“Our companies report billions of dollars in lost revenue, irreparable harm to their brands and future sales, all of which ultimately affects U.S. workers who design and produce legitimate products forced to compete against Chinese fakes. We want and look forward to working closely with you and your staff in combating the theft of American IP in China.”

“IP Theft” of the prior decade certainly appears under-inclusive in not focusing on patent or trade secret infringement.  It also fails to reflect that most IP infringement is addressed by civil remedies, where questions of willfulness are secondary to the harm being caused. Criminal remedies, while important, are relatively rare in most legal systems. This approach is consistent with the TRIPS obligation to treat IP as a “private right.” Moreover, the TRIPS Agreement itself does not require member states to criminalize patent infringement or trade secret infringement.  Finally, there may be grey areas including market access barriers, investment restrictions, government procurement restrictions, informal government supported forced technology transfer, or aggressive use of antitrust laws that many would argue need to be included in the definition of “IP Theft”.  Many of these would also be very difficult to quantify.

“IP Theft” is also slightly over-inclusive, as there are also certain forms of bad-faith behavior that may be sanctioned by the state and permissible under international IP rules. For example, rights holders in China face a significant burden of bad faith patent and trademark applications that entail costs of challenging and invalidating these rights, while US-based rights holders often complain about non-practicing entities and patent trolls.

Individuals who might suspect an exaggerated “IP Theft” loss estimate might be surprised to know that there are data points that have typically been omitted from these calculations. For example, US Customs data typically does not include the value of goods excluded from the US market under Section 337 exclusion orders. I am unaware of any methodology that attempted to extrapolate from US damage awards in US courts against Chinese infringers. USTR in its 301 report, was also unable to calculate the value of “forced technology transfers” in joint ventures or technology transfers. Certain rights, such as plant varieties and plant patents are typically not included in loss figures, nor are losses due to design infringements. Consequential damages (attorneys fees/court costs/losses to brand value/harm to public health or safety) are also often not included in the above calculations.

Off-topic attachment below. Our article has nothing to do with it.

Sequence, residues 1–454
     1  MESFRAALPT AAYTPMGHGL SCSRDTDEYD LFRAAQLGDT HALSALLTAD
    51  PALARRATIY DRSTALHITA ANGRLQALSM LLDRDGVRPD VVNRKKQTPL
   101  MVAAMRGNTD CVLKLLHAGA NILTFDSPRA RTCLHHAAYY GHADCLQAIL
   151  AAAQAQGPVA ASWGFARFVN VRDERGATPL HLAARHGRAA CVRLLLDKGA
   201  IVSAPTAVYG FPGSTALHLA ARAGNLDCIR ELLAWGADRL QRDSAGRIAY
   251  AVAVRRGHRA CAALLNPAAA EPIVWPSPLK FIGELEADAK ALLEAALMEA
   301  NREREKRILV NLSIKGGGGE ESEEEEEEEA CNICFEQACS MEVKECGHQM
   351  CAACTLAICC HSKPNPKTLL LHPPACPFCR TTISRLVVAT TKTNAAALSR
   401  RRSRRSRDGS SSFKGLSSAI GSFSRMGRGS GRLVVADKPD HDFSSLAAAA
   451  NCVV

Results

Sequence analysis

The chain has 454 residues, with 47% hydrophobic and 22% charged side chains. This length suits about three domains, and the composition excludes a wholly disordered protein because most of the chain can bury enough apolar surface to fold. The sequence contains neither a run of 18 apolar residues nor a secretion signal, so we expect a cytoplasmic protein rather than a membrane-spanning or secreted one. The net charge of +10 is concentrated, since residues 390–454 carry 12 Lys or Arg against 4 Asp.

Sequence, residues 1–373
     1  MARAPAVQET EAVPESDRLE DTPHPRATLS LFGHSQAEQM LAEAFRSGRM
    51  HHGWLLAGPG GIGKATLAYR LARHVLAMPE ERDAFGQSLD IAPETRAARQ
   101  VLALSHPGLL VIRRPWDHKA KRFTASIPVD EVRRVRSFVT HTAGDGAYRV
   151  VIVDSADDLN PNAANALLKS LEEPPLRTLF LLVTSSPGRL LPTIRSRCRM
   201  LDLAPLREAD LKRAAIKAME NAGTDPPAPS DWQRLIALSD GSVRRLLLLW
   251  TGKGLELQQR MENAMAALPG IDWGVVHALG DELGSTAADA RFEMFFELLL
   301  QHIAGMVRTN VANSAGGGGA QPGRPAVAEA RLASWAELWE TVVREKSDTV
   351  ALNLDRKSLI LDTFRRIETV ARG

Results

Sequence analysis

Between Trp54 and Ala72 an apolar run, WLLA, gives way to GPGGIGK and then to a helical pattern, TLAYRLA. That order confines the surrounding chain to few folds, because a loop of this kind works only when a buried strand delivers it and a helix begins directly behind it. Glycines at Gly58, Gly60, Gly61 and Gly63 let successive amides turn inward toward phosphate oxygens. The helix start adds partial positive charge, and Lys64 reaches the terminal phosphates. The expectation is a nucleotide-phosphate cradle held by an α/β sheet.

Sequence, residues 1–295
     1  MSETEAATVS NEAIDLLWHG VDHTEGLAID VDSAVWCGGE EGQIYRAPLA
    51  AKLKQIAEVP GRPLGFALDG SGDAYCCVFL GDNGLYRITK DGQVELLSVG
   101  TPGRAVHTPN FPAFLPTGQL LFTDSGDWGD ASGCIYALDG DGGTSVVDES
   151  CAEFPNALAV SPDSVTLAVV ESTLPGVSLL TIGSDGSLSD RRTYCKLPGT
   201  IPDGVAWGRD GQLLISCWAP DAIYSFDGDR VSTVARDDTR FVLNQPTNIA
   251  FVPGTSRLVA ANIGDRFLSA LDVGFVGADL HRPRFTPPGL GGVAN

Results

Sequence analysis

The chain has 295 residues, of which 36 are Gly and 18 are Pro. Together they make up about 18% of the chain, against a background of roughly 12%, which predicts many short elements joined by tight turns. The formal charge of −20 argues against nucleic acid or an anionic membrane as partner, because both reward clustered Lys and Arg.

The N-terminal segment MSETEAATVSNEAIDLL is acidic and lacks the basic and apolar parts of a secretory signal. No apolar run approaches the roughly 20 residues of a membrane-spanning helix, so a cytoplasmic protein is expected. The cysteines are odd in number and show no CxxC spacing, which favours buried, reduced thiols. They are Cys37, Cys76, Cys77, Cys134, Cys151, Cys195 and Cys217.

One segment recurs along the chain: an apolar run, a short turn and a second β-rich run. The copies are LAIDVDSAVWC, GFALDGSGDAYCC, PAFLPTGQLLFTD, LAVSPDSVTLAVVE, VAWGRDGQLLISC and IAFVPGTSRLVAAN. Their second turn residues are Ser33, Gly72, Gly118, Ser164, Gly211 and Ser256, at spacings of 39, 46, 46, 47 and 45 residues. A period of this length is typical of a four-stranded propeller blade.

There are also factors that could reduce the loss figures that have often not been used.  Assumptions about the US being the overwhelming victim of “IP Theft” are hard to substantiate. I suspect that different countries and industries bear different costs in different markets. European companies, for example, likely suffer most from trademark and design infringements of luxury goods.  In the United States, over 50% of US patent applications originate with foreigners; logically this may mean that a substantial portion of the injury suffered by US companies overseas due to patent infringement may be attributable to innovations that occurred outside of the United States.

Calculating how much “IP Theft” originates from China also ignores whatever the “baseline” is for infringement in the US.  Historically, for example, the greatest value of software piracy losses were in the United States, According to BSA data for 2017, China’s piracy losses were 6.8 billion, while the US was 8.6 billion. In addition to other deficiencies, US Customs data is based largely on the pro-active behavior of US rightsholders and thereby considerable selection bias. As one example, if “IP Theft” priorities were based on Custom data, apparel, watches and footwear would be the major area of US trade concern with China, as there were the three categories of goods most seized by US Customs in 2017.

“IP Theft” losses also do not necessarily reflect losses due to unredeemed WTO commitments, nor are they based solely on violation of WTO disciplines.  The TRIPS Agreement, for example, does not require members to criminalize willful trade secret theft – which is likely a major contributor to the current calculations. Moreover, if the calculations were one that adhered to WTO procedures, then the various methodologies would also need to look to WTO jurisprudence in terms of calculating damages when a WTO member fails to implement a WTO decision involving IP. A good reference point might be the “Irish Music” (DS160), which the US lost, and where the US was required to pay 1.2 million euros per year as an arbitral award in the early 2000’s. Another reference is the Antigua/gambling dispute, where the island of Antigua was permitted to retaliate against US IP interests in the value of 21 million dollars per year, considerably less than a claim by Antigua of 3.44 billion dollars.